• The statements in the Documents are are static documents. They are posted to the portal once a month to serve as a historical record of financial performance. 

Download a statement to see month and YTD financials:

Owner Portal Property Statement

You'll also find a month-over-month operating statement:

Month over Month Statement

Portal Communication Tool

You can use your owner portal to communicate with our team. Any messages you send through the portal will go straight to your Account Manager. When we reply, you’ll get an email notification and you’ll also see the message in your portal next time you log in. 

Here’s an overview of using the communication platform:

Click "Communications" and navigate to "Conversations":

Commincation Dashboard Screenshot
  • The communications module will contain a record of all messages that you create through the portal. 

Click the "New Message" button and send your message:

Owner Portal New Message Screenshot

Responses will show up in the conversation ticket:

Portal Conversation Response Screenshot
  • You’ll get an email notification whenever you get a response, and you’ll also see the message in your portal next time you log in.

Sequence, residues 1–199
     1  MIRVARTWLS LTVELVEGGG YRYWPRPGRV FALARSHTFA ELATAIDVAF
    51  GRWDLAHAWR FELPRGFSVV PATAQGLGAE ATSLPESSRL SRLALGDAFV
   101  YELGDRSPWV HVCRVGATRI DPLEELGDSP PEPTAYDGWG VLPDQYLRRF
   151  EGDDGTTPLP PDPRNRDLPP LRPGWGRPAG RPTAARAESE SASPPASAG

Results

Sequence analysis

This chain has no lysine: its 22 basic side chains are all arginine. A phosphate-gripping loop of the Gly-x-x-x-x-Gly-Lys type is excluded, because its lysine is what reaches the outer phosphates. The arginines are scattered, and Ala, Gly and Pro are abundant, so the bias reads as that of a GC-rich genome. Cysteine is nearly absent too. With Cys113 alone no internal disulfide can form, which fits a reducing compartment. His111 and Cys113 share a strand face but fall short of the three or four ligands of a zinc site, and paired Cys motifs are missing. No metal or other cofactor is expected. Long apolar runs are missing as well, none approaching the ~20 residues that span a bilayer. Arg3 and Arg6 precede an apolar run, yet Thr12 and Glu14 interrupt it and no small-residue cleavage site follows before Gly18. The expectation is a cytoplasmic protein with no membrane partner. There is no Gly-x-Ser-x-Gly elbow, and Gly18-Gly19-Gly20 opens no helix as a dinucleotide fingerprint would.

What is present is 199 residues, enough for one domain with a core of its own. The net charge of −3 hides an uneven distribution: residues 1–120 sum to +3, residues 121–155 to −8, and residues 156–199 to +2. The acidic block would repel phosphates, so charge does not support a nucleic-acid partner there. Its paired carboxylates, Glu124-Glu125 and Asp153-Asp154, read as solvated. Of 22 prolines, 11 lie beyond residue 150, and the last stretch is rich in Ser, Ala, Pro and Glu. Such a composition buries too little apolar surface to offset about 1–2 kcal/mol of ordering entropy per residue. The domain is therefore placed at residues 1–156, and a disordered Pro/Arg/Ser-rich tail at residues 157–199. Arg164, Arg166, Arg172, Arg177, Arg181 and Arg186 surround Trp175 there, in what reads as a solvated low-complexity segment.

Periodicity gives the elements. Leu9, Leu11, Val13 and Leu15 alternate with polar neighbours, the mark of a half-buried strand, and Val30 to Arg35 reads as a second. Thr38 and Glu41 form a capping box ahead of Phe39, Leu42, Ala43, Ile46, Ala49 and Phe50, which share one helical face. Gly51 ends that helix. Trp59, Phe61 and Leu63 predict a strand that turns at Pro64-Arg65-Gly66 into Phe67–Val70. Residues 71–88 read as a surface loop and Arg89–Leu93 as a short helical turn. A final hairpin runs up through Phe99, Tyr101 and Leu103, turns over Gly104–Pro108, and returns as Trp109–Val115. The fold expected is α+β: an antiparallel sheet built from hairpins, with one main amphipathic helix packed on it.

You can reply in-line using the comment box:

Owner Portal Comment

Each conversation will be logged in its entirety:

Portal Conversation Snapshot

Understanding the Ledger

Your portal includes a ledger with all transactions. The ledger is populated with data in real-time as transactions flow through our accounting software. Much of this information is also available in the Reports area, as well as the Statements in your Documents library, but the ledger is the most comprehensive resource for diving into the details. 

Please scroll through the sections below to get a better understanding of how to interpret the ledger. 

By default, transactions are sorted chronologically:

Owner Ledger Dates
  • The date reflected in the lefthand column is the actual transaction date, not the “bill date”. This is the date the transaction was actually processed. 

If you have multiple properties with Nomadic, you'll see the address for each transaction in the "Location" column:

Ledger Property Column
  • You can filter the ledger to look at just one property, all properties, or specific sets of properties. 
  • If you only have one property with us, you’ll just see the ledger for that property. 

The Description column displays the transaction type:

Owner Ledger Description Column
  • BILL: this is an expense transaction, such as for repair costs or management fees.
  • CHARGE: this is a transaction  billed to the tenant, most typically a rent payment. 
  • NACHA EXPORT: this is a credit we processed to your distribution account. This type of transaction is how you get paid! 

The Amount column shows the dollar value of each transaction: